In March, the committees (CSAC on 3/19 and LPA on 3/24) will review the following elements: [Note: it is anticipated that the Transportation element discussion will continue into the March meeting.]
  1. Future Land Use
  2. Maps
  3. Glossary
  4. Tables
There is an opportunity for public comment on these elements at every CSAC and LPA meeting, and the public is encouraged to participate.

 BikeWalkLee focus:
Integration of land use and transportation planning is key to complete streets and complete communities, so these two elements will continue to be a major focus of BikeWalkLee's attention. These revised elements are scheduled for review in February and March.

 For background on BikeWalkLee's views, click below:
·        BWL comments to county Local Planning Agency on land use elements (4/5/13)
·        BikeWalkLee overview comments on 10/26/12 Draft Transportation Element (11/25/12)

Monday, January 27, 2014

Upcoming biking/running/walking events

 Check our blog every Monday morning for upcoming running/walking/biking events.

2014 Tour de Cape run

·        Saturday, Feb. 1: Strides for Education 5K walk/run, Edison State College, Fort Myers. 8 a.m. (
·        Saturday, Feb. 8: Commit 2B Fit 5K walk/run, Lakes Regional Park, Fort Myers. 9 a.m. (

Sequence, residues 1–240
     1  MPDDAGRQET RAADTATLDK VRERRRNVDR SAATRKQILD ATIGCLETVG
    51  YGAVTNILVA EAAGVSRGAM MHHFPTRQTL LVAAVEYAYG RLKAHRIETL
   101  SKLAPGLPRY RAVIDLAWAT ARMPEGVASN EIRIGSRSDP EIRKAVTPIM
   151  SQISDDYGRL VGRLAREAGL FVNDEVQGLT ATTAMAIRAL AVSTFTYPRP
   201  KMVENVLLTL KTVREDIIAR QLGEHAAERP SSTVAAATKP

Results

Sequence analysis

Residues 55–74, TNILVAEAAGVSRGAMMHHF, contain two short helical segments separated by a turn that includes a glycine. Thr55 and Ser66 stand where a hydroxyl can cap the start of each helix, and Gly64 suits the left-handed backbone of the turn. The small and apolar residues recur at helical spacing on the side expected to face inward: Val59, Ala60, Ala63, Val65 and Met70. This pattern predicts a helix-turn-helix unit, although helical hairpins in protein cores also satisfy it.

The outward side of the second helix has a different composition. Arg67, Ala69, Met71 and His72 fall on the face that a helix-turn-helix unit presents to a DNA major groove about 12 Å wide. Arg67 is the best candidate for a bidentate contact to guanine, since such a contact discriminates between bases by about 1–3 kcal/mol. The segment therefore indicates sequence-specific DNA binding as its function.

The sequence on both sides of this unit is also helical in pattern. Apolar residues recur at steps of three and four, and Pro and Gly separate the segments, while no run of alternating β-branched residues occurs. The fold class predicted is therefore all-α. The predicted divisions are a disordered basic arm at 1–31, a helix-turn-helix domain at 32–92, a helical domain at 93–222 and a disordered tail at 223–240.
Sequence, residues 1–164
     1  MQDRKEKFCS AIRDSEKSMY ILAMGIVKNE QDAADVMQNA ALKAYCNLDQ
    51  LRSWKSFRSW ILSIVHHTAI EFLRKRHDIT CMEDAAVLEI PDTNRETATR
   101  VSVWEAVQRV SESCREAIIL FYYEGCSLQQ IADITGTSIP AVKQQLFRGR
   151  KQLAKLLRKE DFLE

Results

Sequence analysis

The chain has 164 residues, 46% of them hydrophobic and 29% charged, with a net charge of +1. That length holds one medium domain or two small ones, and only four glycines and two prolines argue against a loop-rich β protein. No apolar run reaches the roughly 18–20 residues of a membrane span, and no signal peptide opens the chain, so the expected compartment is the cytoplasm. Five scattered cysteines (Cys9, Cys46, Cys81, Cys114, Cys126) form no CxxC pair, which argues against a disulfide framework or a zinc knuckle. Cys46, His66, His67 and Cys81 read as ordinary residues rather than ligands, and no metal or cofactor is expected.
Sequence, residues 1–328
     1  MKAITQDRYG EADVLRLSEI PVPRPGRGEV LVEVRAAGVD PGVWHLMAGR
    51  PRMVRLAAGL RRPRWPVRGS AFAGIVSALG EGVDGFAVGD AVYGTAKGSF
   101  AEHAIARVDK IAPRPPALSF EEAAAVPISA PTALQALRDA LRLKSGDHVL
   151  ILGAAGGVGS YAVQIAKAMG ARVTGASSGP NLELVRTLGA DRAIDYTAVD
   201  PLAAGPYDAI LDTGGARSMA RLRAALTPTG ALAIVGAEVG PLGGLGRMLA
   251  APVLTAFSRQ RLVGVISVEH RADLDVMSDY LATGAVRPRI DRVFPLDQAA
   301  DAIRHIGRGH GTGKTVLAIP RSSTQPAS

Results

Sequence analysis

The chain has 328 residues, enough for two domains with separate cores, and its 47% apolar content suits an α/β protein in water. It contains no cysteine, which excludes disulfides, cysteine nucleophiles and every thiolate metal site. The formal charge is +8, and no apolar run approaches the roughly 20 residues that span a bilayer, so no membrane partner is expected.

·        Saturday, Feb. 8: Run for the Rose Garden, Cape Coral Rotary Club. Rotary Park, Cape Coral. 7:45 a.m. (
·        Saturday, Feb. 15: Edison Fest 5K, downtown Fort Myers.  ( or
·        Saturday Feb. 22: Swamp Stomp 5K. (
·        Sunday, March 2: Hooters Half Marathon, Fort Myers. 7 a.m. (
·        Saturday, March 29: Scope for Hope 5K, Hammond Stadium, Fort Myers. (
2014 Tour de Cape bike ride

Cycling & other events:
·        Saturday, Feb. 8: Fallen Heroes Rides, Trek Bicycle, Estero. 10-, 28- 42- and 62-mile options (
·        Saturday, Feb. 15: Ride for Hope, Bonita Springs. 10- 25- and 50-mile options (
·        Sunday, March 16: Royal Palm Classic, organized by the Caloosa Riders. Details at
·        Saturday, March 29: Walk, Wheel, & Wobble for Ataxia, Florida Gulf Coast University. 10-, 30- and 62-mile rides, 5K run (
·        Sunday, April 13: Immokalee Ride for Literacy, 15-, 30- and 62-mile rides (